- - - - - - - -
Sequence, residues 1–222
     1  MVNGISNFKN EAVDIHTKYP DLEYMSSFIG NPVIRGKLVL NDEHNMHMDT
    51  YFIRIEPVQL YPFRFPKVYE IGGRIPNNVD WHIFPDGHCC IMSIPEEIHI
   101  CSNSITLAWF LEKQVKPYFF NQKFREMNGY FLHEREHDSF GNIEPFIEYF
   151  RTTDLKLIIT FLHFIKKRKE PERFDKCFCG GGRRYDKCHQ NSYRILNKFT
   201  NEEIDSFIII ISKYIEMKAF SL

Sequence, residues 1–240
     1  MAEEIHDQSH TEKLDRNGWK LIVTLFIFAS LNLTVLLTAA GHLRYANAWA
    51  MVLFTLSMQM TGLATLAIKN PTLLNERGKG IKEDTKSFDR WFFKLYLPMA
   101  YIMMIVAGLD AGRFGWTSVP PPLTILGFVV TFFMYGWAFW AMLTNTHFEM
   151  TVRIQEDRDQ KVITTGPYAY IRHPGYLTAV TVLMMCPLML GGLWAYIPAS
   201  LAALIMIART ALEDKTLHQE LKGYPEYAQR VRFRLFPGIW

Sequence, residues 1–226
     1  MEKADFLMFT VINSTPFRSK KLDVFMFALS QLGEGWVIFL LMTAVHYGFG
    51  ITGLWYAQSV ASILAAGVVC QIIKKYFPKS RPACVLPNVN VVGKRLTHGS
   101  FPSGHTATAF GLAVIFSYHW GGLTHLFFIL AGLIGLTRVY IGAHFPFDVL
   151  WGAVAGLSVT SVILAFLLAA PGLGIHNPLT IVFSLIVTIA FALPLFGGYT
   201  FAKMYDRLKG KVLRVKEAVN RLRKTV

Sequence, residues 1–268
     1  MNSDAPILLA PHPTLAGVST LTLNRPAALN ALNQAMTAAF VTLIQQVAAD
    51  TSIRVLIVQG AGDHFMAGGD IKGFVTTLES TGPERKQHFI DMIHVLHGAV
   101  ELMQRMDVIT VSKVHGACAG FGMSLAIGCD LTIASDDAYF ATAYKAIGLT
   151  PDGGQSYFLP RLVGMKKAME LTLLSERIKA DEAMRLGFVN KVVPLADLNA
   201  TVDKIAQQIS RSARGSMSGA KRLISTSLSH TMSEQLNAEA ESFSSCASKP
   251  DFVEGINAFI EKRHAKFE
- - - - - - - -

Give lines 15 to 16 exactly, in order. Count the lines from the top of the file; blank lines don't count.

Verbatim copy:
    51  ITGLWYAQSV ASILAAGVVC QIIKKYFPKS RPACVLPNVN VVGKRLTHGS
   101  FPSGHTATAF GLAVIFSYHW GGLTHLFFIL AGLIGLTRVY IGAHFPFDVL